Danielle Steel books

Does anyone actually read them, or do all her readers purchase them new and pass them on when they’re finished, assuming (apparently incorrectly) that others might enjoy them?

I’m involved in book resale on several levels, and am starting to wonder who reads all these books.

:rolleyes: :confused:

They are not fine literature, or very original, but they are adequately written for cheap escapist fiction.

They are potato chips, but they are not processed potato foods, if you get the distinction.

I don’t read them, but I read cheap mystery novels that aren’t much better.

My aunt has read every single one of them.

Suggest she read Tammy Hoag’s first few novels.

I always make it a point not to read any book that can be purchased in a grocery store checkout line.

Precocious nerdy preteen girls have to have something to read, after they’ve moved beyond Judy Blume and before they’re ready for Erica Jong. At least that was the case with me.

I read one once in a hostel when I had read everything else. I also felt it was kinda something I should do, if I was ever going to say anything about them.

It was shit, but the story was actually ok-ish. Something about a ballerina, dramarama, passion, and in the end she had to flee and never see him again.

Perhaps everyone who reads them is actually a bored snob who wants to know what they’re talking about? :stuck_out_tongue:

I see your Danielle Steele and raise you Sydney Sheldon. I think that I read most of his books in those in-between years that Alice mentioned. I just read the plot summary of one of them, The Other Side of Midnight, and I don’t remember a single bit of it.

I buy a Danielle Steel book almost every year, because my Mom loves them. I’ve never actually read one.

Are you posting this from 1992?

But yes, people do read Danielle Steel books. She isn’t as popular as she once was, but middle-aged ladies still like her stuff.

I’m middle-aged now, and you couldn’t pay me to read her stuff. But I did read it before 1992, as a pre-teen, before I developed taste. I can usually tell who I’m going to get along well with by the books people read, and if someone reads DS, there’s a good chance we won’t hit it off.

Interesting. Among the Danielle Steel fans I’ve met, they all started reading her in the 80s or the 90s. She’s not getting any new fans, but I was always under the impression that her old fans were lifelong fans.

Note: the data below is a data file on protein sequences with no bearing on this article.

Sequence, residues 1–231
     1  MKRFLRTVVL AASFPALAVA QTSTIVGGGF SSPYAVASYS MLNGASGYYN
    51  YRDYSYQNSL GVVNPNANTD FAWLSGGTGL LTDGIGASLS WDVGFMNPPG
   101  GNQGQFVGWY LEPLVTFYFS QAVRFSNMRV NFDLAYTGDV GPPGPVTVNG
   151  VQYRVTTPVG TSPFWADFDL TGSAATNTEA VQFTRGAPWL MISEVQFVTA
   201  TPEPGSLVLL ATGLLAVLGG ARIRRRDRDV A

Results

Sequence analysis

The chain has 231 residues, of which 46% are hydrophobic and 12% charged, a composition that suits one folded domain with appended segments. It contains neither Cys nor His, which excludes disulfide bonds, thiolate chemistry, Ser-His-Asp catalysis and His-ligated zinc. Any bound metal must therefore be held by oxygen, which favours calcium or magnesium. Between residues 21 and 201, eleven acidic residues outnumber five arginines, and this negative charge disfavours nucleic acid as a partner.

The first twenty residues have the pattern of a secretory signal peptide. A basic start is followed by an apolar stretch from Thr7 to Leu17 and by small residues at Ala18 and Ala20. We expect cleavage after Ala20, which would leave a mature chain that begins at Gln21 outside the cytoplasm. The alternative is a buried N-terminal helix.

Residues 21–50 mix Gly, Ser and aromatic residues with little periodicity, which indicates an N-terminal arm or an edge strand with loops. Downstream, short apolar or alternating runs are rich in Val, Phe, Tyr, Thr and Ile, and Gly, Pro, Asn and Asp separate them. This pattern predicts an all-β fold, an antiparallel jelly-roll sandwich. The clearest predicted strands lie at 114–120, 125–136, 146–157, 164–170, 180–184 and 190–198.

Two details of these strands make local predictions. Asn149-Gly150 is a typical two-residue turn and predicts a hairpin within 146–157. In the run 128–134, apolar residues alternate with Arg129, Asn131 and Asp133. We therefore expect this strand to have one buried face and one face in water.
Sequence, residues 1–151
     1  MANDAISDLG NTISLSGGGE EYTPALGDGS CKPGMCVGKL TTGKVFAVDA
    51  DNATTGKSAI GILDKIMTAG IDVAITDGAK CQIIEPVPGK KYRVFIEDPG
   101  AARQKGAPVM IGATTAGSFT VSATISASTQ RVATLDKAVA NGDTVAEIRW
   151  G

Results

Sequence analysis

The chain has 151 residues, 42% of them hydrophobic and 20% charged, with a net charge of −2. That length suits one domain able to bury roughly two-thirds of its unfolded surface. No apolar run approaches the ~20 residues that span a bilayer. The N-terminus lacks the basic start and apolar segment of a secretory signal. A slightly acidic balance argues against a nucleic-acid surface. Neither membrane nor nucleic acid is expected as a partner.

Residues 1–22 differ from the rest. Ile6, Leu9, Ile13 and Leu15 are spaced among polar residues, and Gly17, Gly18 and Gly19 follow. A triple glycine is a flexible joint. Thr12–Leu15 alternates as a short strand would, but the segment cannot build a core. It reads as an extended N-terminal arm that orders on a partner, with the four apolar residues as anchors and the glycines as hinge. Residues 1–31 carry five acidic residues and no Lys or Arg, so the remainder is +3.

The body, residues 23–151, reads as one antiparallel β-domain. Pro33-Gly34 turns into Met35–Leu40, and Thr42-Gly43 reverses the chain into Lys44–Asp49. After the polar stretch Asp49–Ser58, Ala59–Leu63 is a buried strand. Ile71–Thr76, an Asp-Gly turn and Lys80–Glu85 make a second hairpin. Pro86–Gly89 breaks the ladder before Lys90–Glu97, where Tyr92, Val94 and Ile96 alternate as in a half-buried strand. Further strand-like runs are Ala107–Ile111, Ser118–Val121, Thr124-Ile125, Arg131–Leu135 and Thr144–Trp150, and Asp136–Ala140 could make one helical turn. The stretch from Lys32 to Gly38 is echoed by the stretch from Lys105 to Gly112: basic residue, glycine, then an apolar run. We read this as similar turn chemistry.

I have fond memories of my romance-novel phase, but I doubt most of that crap would still interest me these days.

To me, Steel has always been one of those ultra-best-selling novelists whose work is the literary equivalent of neon pink grocery store cake. James Patterson also fits into that category (although I’m willing to give Steel the benefit of the doubt and say she actually bothers to write her own books). But on the whole, reading anything at all is much better than not reading, and I think that Steel’s books are gateways for better ones for most of her audience, so there’s that.

Wow. That’s quite an attitude.

I enjoy romance novels in general, but I read one of hers and it was awful. I tried a Barbara Cartland recently and it was no good either.

Patterson actually writes 2-3 books a year. Yes, he also “co-writes” 8-9 other books, but he does still do plenty of writing on his own.

I knew right after I posted that that someone would come along to be offended for the poorly read. It’s really not a judgement, it’s more of a knowledge that we wouldn’t have much in common. I really don’t give two fucks what someone else reads, I just know that I personally get along better with people that I have more things in common with than less. Okay?

My grandma has most of Danielle’s books because she and Danielle are acquainted through Danielle’s fourth husband (I think- whichever one was named Tom). I have no idea if she’s read all of them or if Danielle continues to send them. My mom and I have zero interest in them.

Why does liking an author that you don’t like imply being poorly read?